After the con we visited DuClaw for the best beer ever, and then on the drive back home on Monday (after, yes, running into various guests of honor in the lobby because that's just how cons like this go and we were all checking out at the same time...I maintain that Sylvester McCoy is adorable [I want to put him in my pocket] and Terry Molloy is just a delightful human being in general, and Patricia Quinn has amazing outfits, and Sophie Aldred is a joy, and I can't name everyone here but they are all just amazing, wonderful people) we hit Boordy Vineyards, home of my favorite wine of all time. We somehow fit everything in the car, even amongst all my con crap, and we listened to Terry Pratchett's Soul Music on the drive home.

I also want to get everyone to road trip down to Maryland this summer. This is a thing that should happen. Or I can just get some Maryland blue crabs and we can do a cookout in the backyard. Hmmm...
tabbiewolf: (tabbie - fall)
The weather has decided that "wintry mix" was a good plan for one of the busiest travel days of the year. Looking at Google Maps, most of our route is covered in accidents.

Awesome.

You know, I've lived all over the country, and I think Connecticut is the only place I've lived where we get a true wintry mix. It's not "snow in the morning, rain in the afternoon" or "sleet turning to snow sometime when it gets colder as the day goes on"...it is very literally snow and rain and sleet/ice/freezing rain (sometimes all three) all at the same time.

So everything's a slushy mess, and it sounds like it's raining right now, but it looks like the plows and salt trucks are out. We've got a bunch of sci-fi audiobooks, a batch of chocolate chip cookies, and a full tank of gas, so I'm not TOO worried about being stuck in traffic.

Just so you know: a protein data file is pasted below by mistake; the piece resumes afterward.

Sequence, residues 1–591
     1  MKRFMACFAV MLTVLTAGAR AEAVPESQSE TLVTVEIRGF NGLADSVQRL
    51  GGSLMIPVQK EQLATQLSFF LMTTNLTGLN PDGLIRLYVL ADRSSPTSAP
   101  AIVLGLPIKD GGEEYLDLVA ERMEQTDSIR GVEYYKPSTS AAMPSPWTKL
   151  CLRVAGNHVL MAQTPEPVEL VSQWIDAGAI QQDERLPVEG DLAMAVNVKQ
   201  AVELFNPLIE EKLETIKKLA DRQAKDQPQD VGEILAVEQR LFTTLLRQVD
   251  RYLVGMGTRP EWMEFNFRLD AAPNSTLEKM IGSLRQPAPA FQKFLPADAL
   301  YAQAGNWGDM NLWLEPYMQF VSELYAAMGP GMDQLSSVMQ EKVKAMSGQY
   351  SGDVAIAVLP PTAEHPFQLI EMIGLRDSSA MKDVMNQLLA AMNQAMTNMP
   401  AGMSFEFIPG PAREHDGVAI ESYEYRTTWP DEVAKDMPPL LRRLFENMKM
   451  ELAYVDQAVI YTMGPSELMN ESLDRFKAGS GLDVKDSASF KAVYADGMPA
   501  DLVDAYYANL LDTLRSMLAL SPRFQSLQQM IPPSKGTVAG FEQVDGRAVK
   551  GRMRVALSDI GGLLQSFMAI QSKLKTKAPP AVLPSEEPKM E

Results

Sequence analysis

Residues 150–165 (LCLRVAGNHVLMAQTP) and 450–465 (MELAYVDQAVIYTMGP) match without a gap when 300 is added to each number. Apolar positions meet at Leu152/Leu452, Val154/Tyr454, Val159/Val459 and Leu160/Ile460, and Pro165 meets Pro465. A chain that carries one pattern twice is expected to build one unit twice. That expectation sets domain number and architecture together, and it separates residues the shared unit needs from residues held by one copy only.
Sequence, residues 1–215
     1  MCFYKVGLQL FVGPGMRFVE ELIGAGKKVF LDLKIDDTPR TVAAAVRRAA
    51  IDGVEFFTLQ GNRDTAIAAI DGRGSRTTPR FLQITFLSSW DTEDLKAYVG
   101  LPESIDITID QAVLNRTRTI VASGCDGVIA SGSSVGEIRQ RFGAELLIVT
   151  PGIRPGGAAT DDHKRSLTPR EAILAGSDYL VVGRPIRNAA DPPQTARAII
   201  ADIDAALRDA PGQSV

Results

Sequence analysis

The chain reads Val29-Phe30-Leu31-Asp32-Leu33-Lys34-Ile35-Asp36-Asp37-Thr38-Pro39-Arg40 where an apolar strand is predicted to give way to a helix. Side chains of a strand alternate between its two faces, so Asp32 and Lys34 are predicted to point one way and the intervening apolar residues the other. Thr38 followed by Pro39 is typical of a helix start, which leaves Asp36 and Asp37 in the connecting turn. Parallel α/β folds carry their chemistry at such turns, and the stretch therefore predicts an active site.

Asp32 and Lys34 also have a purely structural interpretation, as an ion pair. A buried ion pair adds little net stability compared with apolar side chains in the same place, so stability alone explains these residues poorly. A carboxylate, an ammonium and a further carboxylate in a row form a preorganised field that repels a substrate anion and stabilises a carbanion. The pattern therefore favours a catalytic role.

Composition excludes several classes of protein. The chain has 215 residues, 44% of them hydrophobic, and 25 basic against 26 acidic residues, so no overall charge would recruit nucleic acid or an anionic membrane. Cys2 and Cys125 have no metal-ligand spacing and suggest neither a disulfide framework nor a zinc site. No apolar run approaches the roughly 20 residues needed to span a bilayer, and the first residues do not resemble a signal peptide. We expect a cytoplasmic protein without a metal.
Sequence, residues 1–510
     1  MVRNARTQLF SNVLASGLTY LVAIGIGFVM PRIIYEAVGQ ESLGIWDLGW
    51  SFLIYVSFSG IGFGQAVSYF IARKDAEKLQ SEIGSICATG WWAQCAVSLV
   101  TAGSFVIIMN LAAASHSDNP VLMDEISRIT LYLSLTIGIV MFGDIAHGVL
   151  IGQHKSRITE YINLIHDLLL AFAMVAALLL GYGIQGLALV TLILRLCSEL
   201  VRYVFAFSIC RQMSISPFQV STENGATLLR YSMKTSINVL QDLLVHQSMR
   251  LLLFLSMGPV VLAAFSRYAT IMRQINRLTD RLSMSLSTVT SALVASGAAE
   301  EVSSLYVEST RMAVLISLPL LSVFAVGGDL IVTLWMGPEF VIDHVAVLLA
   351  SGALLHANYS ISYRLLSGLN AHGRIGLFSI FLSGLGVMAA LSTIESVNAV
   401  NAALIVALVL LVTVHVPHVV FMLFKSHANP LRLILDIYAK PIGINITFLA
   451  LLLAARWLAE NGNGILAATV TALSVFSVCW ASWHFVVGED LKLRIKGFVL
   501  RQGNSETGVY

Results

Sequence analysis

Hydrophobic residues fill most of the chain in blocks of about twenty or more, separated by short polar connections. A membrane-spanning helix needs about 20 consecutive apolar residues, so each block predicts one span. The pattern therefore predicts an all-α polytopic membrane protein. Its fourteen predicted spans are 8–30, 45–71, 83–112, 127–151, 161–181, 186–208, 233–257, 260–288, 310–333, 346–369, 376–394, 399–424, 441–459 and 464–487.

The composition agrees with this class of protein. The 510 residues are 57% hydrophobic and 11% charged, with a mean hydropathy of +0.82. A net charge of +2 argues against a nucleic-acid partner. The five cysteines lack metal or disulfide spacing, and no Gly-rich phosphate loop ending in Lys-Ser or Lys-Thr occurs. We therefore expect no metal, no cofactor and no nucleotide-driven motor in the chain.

I also filled my iPod with Christmas music (next to the John Scalzi and Neal Stephenson), so I'm ready for the drive back. I refuse to play Christmas music or watch Christmas specials until Santa appears in the Thanksgiving Day parade.

The trip hasn't even started and I'm already tired. I blame the weather.
tabbiewolf: (Anywhen)
After my breakdown last week, it was decided that I need a vacation. Technically, I think both me AND [livejournal.com profile] spotweld need a vacation -- possibly he needs a vacation from his crazy wife, though he doesn't see it like that (thank non-specified deity) -- and we were actually chatting about the possibility of going to Florida for warmth and sun a month ago. We decided against it, due to cost of plane tickets and necessary time off, but the breakdown was just a sign that if we didn't do something soon I would combust into a ball of self-hatred. As seen in my last post, I actually kind of did already; we're just cleaning up the mess at this point.

So Spot took next week off and we're leaving on Saturday for a good ol' fashioned road trip. Current route is basically straight down I-95, with stops at DuClaw Brewing and South of the Border. Nothing else is really decided, though I've been poking through online blogs of road trips of the same route and getting ideas (mostly food-related). I'm trying not to overplan, which is difficult for me because I enjoy planning, but I also want this to be a relaxing road trip and planning every hour of it will turn it into a "How come we couldn't do this?" situation.

Hell, I'm not even really sure what our final destination will be, or if we even have one. Orlando, Cocoa Beach, Key West...somewhere warm & sunny, basically.

Spot suggested we bring some D20s for those "What do we do?" moments. This actually seems like a pretty fantastic idea. Leaving it up to the Universe!